5

I, myself, a russian native, but still can't tell what is the real difference between and and with even in my own language. Is there definite demarcation line between those grammatical concepts? I'm looking for traces, marks, indicators on the basis of which one can easily say that X means "and" or "with".

This question is vexing me because I try to figure out and classify Chinese conjunctions, almost all of which translated as and in English.

P.s. As one of the commentators pointed out:

  • "John together with Mary" is grammatically singular
  • "John and Mary together" is grammatically plural. That's a good indicator with which you can differentiate between and and with, but in chinese it's rather difficult, since words rarely have plural form.
  • 2
    "With" is not a conjunction; it is a preposition. – BillJ Jan 16 '17 at 10:41
  • Ok, well, but in many cases one can substitute it with the other. ex: "I with him were walking" or "I and he were walking". – coobit Jan 16 '17 at 11:01
  • 1
    The question not about English language but about general language. In chinese there are hanzi 与,跟, 及 which sometimes being translated as "and" and sometimes as "with". In Russian you can switch "и" and "с" very frequently too. – coobit Jan 16 '17 at 11:11
  • I don't think there is a language universal difference. In English, "John together with Mary" and "John and Mary together" mean the same, though the first is grammatically singular and the second grammatically plural. – Greg Lee Jan 16 '17 at 14:00
  • 4
    You may be interested in the following "World Atlas of Language Structures" article by Leon Stassen and the accompanying map: Noun Phrase Conjunction. It says that not all languages have this kind of distinction. Some languages only have a word that means "with". – brass tacks Jan 16 '17 at 16:54
2

If what you are asking is 'What is the universal difference between English with and English and (or their Russian equivalents, for that matter), the question is wrongly formulated, and unanswerable, because other languages need not, and in fact do not, have lexical items with all the same syntactic and semantic properties English with and English and have. Your question should, therefore, as a minimum, be reworded in terms of a hypothetical (?unique!) difference between a would-be universal ?'conjunction function' & and a would-be universal 'comitative/groupal function' C (in the broadest possible sense of 'conjunction' and 'comitative'). The former, at least, is a relatively safe bet, since no human language can work without something (= obviously, not necessarily an and-like word!) that minimally licenses the expression of 'molecular facts/propositions' like [p & q] (where p, q are propositions that name events or states of affairs). Whether a 'group-forming/comitative' function C is also universally necessary is much less obvious, in my view.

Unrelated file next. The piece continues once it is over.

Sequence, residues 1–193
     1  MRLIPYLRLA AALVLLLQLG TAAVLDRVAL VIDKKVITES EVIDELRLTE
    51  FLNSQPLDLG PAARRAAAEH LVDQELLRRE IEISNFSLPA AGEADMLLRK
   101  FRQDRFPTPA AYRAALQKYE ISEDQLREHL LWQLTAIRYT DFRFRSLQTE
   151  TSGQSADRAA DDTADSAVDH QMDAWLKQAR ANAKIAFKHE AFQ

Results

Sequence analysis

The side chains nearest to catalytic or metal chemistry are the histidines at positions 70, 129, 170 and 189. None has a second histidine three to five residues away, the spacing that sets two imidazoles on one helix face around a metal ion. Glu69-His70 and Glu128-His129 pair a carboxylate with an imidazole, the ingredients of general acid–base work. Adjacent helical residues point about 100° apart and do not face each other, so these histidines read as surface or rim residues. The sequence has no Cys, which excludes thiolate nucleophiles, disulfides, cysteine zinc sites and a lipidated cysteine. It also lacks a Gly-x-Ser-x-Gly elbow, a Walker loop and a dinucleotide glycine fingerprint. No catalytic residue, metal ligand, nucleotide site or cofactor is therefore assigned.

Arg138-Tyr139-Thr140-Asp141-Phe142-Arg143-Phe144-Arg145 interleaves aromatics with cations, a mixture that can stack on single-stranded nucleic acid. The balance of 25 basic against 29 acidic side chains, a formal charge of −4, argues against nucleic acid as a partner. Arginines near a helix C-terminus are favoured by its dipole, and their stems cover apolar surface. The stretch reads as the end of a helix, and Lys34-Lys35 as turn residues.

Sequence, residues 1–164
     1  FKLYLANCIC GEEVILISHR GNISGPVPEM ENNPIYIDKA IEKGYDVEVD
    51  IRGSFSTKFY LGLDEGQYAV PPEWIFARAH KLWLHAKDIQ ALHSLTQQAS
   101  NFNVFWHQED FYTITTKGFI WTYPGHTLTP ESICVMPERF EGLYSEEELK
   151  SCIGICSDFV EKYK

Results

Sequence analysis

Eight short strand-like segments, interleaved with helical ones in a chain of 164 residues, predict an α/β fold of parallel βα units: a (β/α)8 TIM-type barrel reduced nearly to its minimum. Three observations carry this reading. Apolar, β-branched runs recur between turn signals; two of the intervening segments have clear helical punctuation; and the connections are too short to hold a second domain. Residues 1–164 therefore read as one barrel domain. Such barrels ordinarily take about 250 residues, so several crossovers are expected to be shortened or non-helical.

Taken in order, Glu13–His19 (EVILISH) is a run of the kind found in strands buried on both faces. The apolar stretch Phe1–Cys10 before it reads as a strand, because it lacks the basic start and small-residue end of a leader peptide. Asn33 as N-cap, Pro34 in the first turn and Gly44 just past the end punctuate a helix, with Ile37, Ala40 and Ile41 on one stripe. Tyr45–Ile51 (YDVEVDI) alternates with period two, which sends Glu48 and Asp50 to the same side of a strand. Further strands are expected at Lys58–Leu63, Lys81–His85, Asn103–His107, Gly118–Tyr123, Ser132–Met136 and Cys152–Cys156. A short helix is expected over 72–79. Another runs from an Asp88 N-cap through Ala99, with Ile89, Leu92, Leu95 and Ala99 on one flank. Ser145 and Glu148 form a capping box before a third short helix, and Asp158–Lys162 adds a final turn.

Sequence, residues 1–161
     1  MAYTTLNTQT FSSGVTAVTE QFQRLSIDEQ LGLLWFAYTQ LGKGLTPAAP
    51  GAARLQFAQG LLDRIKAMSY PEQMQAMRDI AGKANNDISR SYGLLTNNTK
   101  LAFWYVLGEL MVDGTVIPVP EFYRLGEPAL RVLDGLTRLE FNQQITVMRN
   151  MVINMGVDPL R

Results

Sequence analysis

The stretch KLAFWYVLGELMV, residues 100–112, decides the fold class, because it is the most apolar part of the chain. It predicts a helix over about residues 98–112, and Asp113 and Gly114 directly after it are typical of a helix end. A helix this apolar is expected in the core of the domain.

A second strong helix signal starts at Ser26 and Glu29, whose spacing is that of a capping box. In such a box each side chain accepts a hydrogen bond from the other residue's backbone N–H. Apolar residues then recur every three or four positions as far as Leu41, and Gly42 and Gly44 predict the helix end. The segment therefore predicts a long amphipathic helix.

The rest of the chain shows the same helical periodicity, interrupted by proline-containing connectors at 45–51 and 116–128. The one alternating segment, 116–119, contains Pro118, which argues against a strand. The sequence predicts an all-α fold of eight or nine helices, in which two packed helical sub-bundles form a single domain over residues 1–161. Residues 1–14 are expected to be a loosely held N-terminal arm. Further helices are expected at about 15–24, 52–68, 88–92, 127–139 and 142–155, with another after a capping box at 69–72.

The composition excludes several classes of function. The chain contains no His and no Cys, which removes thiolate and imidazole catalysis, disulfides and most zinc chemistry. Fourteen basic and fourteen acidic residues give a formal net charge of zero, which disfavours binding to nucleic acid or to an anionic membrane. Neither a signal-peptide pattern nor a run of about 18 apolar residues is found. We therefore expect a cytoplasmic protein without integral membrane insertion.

However, even that radically abstractive step would not be enough if what motivates your question is the need to understand the situation in Mandarin, where the '?coordinators' we need to render as English and do not really correspond, either in intrinsic meaning or in syntactic category, to English and at all, and where, viceversa, our English ands have to be rendered in Mandarin in terms of completely different things (?prepositions, sentence adverbs, particles, (correlative) verbs, [floating] quantifiers, or even 'zero', i.e.,'pragmatic' devices like sheer juxtaposition, with or without ellipsis for economy's sake, etc.).

The obvious problem with English and (and its counterparts in other IE languages) - as opposed to our hypothetical function & - is that, even when it conjoins clauses, it is often far from being a 'pure' propositional conjunction function. A second, related, problem, of course, is that, at surface level at least, English and (like its nearest IE counterparts) can also 'conjoin' DPs/NPs, and, in general, XPs, X's and even Xs, and one of the consequences is that when it 'conjoins' DPs/NPs, it sometimes (but not in all cases!) is close in meaning to the preposition with (and to the would-be universal 'comitative/group-forming function' C).

As to the former problem, we can approximate English and to a genuinely universal conjunction function & if we disregard the various 'adverbial' (e.g., temporal, causal, contrastive, etc.) implications that and may have and take into consideration only its truth-conditional contribution as a pure propositional function, which we can do by means of a careful choice of examples, cf. below. As to the second issue, of course, the only way to establish the real import of and as a '?coordinator' of NPs/DPs, etc. is to distinguish between 'surface' and 'deep' coordination, which in its turn entails calculating the 'Logical Forms' of the constructions involved in each case.

Consider, for example, the following English cases of 'surface' [NP and NP] coordination and their possible interpretations:

(1) John and Mary died. If we adhere to the abstractive strategy of counting only truth-conditional meaning, (1) has only one interpretation: it claims the existence of two death events with one participant each (= John died, Mary died = Mary died, John died). No particular time sequence or 'groupal/comitative' implication between the two deaths can be legitimately deduced from (1), so and is a pure & function here, in spite of the fact that, at surface level, it conjoins two NPs instead of two clauses.